23 January, 2020

State-of-the-art hydraulics for floating megastructure

27 January, 2017

The offshore industry is one of the harshest environments to work in, for both machinery and personnel. Salt water can corrode parts and strong winds and crashing waves can damage equipment.

In addition, many offshore work locations are miles from land. Rigs can be inaccessible for long periods at a time, meaning that for the safety of personnel (and the protection of the environment), all equipment must be state-of-the-art and have undergone rigorous safety checks. The development, manufacture and testing of this equipment are highly specialised disciplines, with continuous advancements being made. Each project is carefully designed, with experts in each field being commissioned to manufacture individual parts and third-party inspection agencies carefully overseeing the project as a whole.

Hydraulic cylinder specialist Apex Hydraulics was commissioned to build four bespoke cylinders, designed by a multinational oil corporation for a Floating Liquefied Natural Gas rig (FLNG).

FLNGs are the world’s largest floating structures. They are designed to process gas at source; liquefying useable product directly from the unrefined material brought up from the seabed and sending only this back to shore by oil tanker. Avoiding the transportation of gas to shore to be refined in onshore facilities can save a substantial amount of money and be better for the environment.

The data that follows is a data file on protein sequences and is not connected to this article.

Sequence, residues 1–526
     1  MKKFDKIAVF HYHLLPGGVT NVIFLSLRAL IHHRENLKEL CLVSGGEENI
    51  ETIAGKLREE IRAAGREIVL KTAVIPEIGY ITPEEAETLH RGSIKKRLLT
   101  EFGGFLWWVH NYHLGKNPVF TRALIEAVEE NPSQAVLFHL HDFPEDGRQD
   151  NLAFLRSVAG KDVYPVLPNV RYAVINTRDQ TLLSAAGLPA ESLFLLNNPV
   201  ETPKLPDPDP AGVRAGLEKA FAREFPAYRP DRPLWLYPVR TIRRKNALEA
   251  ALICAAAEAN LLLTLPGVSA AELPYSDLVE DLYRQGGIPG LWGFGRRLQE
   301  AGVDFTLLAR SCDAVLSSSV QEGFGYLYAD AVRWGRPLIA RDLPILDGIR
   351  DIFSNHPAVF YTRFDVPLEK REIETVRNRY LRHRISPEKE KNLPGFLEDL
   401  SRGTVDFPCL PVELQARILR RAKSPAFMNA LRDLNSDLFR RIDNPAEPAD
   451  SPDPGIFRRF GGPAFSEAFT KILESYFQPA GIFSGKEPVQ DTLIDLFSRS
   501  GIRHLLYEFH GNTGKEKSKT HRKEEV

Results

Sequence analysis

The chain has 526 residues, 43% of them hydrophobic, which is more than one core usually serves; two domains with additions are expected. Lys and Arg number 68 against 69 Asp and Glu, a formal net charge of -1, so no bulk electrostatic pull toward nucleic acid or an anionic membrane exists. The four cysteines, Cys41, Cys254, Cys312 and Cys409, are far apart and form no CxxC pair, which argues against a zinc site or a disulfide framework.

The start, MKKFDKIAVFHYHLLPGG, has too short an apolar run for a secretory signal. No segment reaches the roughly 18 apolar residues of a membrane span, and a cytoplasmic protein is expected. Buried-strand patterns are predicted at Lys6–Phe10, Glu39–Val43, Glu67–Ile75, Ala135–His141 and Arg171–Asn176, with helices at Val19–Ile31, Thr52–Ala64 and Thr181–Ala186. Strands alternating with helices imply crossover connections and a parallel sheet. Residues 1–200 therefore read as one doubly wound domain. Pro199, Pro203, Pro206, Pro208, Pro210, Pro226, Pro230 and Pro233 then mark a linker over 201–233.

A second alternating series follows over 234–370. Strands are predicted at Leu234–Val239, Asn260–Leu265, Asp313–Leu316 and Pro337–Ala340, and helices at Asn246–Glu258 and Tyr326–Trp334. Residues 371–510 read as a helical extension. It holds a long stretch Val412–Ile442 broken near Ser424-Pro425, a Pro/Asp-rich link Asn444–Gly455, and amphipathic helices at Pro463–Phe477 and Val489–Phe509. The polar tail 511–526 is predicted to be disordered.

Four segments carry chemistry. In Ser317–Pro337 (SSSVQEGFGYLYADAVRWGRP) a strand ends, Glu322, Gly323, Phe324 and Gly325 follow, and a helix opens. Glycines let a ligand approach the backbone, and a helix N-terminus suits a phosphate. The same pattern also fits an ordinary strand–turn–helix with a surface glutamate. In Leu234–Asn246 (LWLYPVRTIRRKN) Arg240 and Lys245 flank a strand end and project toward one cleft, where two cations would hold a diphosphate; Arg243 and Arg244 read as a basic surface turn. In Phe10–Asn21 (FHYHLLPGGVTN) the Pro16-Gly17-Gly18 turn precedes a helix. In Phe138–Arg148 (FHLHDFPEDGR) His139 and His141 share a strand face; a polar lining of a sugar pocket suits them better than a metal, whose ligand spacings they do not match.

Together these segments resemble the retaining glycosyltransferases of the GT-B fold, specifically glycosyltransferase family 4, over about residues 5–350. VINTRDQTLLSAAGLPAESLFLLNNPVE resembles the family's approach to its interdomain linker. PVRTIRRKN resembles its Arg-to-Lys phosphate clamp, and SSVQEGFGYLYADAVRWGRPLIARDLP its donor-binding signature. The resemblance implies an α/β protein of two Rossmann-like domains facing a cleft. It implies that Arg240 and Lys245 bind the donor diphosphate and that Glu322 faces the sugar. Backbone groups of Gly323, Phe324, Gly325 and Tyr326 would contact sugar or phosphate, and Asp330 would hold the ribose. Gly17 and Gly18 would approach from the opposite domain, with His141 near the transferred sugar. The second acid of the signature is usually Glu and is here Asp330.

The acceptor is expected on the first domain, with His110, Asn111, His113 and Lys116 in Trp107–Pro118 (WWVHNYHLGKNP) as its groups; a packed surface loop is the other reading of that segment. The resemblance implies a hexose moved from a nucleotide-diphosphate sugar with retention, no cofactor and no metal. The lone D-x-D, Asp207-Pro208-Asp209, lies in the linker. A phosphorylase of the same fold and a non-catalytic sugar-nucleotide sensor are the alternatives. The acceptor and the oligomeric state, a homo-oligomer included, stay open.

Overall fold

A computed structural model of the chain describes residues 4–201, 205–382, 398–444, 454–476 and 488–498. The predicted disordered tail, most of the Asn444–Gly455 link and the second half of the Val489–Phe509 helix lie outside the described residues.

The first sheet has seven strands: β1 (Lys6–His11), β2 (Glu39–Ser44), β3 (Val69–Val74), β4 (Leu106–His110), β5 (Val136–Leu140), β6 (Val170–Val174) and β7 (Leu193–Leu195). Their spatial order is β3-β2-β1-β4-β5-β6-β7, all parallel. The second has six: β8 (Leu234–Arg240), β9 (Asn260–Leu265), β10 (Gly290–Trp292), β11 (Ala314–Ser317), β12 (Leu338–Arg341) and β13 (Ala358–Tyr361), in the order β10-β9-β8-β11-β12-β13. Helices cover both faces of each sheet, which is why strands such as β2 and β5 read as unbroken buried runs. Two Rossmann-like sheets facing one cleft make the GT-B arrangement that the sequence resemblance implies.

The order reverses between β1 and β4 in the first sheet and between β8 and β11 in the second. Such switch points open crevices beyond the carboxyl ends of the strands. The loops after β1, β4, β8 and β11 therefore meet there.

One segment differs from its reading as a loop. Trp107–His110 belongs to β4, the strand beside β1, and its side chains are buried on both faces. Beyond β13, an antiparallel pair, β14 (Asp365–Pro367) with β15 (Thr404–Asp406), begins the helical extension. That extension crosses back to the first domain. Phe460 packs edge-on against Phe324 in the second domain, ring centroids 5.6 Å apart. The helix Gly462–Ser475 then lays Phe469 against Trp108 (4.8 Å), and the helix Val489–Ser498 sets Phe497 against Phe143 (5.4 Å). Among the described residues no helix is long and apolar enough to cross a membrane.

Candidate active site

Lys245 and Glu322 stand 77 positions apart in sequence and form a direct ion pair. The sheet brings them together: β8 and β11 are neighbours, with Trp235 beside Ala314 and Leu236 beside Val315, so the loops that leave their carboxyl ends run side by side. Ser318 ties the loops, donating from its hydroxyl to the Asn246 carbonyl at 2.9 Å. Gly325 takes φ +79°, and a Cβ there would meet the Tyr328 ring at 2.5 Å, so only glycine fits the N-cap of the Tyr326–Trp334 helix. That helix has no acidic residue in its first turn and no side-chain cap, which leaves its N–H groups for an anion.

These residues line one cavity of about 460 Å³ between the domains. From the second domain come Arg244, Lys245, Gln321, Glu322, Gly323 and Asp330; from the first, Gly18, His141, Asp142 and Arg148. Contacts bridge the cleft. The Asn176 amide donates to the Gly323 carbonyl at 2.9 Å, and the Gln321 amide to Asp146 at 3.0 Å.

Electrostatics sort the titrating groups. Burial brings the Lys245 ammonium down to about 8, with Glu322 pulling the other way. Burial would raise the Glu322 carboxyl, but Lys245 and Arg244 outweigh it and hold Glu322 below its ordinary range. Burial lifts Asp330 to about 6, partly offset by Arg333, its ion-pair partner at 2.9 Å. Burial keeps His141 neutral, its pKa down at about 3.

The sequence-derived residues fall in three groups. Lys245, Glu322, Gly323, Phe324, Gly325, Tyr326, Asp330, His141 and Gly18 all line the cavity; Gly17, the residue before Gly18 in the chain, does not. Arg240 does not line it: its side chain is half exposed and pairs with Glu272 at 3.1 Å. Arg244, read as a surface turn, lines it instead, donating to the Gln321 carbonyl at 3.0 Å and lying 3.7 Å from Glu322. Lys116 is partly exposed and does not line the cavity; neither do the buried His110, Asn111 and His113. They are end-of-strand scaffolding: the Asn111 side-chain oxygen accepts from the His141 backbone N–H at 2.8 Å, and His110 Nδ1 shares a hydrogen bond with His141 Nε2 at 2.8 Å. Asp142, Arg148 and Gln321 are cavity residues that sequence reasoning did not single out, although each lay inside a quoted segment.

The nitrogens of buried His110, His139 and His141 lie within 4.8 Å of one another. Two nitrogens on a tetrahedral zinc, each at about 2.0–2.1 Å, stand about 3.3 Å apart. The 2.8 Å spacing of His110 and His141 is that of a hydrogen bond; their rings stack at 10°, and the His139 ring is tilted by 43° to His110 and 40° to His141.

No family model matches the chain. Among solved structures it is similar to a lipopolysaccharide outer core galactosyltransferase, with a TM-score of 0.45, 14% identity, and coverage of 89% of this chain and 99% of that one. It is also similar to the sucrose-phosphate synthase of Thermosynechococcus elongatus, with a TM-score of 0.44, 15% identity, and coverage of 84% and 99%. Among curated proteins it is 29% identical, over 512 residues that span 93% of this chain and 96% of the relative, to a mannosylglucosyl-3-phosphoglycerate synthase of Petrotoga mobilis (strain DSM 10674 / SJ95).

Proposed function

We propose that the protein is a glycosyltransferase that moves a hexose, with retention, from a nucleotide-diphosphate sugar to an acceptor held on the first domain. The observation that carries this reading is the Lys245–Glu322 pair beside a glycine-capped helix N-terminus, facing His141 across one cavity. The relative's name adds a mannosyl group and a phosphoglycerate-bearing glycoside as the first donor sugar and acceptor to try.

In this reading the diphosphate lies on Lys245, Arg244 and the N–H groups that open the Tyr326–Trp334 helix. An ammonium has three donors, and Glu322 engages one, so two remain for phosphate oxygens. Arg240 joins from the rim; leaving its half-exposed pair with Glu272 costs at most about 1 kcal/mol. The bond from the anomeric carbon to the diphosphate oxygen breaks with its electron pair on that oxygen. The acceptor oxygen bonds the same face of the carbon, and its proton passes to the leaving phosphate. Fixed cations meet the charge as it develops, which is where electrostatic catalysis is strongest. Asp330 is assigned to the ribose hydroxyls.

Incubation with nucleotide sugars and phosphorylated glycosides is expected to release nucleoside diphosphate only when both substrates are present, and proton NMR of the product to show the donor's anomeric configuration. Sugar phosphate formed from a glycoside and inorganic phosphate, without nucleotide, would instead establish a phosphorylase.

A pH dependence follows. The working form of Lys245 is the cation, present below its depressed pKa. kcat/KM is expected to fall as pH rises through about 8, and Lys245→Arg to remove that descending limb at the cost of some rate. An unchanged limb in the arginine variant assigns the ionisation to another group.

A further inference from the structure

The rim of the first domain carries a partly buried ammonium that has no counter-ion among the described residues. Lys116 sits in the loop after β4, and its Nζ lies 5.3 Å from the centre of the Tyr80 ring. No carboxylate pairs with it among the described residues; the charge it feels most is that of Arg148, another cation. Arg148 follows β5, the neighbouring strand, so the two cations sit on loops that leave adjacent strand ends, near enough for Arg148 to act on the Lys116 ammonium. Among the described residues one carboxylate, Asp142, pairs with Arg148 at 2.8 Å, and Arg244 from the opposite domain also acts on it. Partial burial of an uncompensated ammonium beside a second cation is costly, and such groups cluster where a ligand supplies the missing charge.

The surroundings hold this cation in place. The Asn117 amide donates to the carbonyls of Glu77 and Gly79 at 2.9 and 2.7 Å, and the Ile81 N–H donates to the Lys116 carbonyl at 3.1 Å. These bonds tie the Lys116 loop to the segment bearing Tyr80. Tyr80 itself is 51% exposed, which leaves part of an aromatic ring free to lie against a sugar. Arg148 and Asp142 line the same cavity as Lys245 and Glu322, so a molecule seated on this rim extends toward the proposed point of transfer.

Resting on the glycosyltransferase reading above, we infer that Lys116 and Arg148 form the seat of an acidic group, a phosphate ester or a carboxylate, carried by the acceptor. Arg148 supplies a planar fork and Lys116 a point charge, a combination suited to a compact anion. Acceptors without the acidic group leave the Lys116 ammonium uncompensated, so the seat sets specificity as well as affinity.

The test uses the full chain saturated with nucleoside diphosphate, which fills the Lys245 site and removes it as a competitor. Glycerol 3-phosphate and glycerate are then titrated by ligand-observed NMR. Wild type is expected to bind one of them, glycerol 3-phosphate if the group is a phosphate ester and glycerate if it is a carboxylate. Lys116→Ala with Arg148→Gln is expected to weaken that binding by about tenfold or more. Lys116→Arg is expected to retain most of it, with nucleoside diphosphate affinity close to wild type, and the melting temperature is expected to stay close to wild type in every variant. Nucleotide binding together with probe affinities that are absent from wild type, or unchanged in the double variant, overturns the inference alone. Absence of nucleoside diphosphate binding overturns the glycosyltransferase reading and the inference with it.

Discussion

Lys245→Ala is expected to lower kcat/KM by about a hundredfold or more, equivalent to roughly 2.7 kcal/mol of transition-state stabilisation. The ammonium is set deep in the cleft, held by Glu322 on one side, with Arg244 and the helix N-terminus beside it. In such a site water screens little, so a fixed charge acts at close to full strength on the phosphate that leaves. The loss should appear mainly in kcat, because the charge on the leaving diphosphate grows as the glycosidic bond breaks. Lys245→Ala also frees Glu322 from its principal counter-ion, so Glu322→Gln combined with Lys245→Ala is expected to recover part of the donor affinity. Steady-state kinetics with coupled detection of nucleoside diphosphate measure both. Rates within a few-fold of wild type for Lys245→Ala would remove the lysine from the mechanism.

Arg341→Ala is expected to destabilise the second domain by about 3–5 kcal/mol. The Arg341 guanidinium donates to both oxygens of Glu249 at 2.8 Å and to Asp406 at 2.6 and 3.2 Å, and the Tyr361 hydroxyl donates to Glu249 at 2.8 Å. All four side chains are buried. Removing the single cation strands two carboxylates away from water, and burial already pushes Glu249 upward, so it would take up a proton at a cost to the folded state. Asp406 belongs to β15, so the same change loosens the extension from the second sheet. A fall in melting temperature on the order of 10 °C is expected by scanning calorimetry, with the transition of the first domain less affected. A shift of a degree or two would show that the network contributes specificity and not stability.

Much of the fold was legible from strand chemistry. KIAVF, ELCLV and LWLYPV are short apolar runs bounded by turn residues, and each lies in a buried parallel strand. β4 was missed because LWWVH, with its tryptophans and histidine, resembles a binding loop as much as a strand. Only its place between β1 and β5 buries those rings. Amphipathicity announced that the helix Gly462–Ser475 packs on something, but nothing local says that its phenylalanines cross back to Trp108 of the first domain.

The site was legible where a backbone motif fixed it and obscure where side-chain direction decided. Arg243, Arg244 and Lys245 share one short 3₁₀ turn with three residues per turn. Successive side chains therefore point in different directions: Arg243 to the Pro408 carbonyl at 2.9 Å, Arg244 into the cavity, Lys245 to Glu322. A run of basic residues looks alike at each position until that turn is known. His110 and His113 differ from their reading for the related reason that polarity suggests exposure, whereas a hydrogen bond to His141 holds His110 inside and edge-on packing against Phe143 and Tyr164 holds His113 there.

FLNG’s are gradually being based further from shore, as new discoveries of oil and gas are being found in increasingly remote locations; often at depths of up to quarter of a kilometer. The large structures need to be anchored to the sea bed to keep them in place.

Gas is taken up to the FLNG via four flowlines, held in place by suction piles. It is vital that these pipes are constantly held in tension to avoid any damage occurring. Hydraulic cylinders shorten the flowlines by tightening them until they reach the required tension.

Due to the depths at which this is being carried out, these cylinders are operated by a Remote Operated Vehicle (ROV) via a hot stab receptacle. This is completed with matching live and dummy stabs; a communal hydraulic port and accessories that can operate a double-acting cylinder whilst being subsea.

The hot stab receptacle creates an open port interface on the hydraulic cylinder and the ROV can then use the live hot stab assembly to provide the advance and retract hydraulic pressures to work the cylinder.

The working dimensions of these cylinders were 250mm bore, 120mm rod with a 1850mm stroke. The rod was made from hard chrome plated 1.4418 stainless steel. The hot stab receptacle and dual counterbalance valve manifold block were manufactured in duplex stainless steel, complemented by live and dummy hot stab assemblies cast in Nitronic 60 stainless steel complete with 316L stainless steel ROV friendly fishtail handles.

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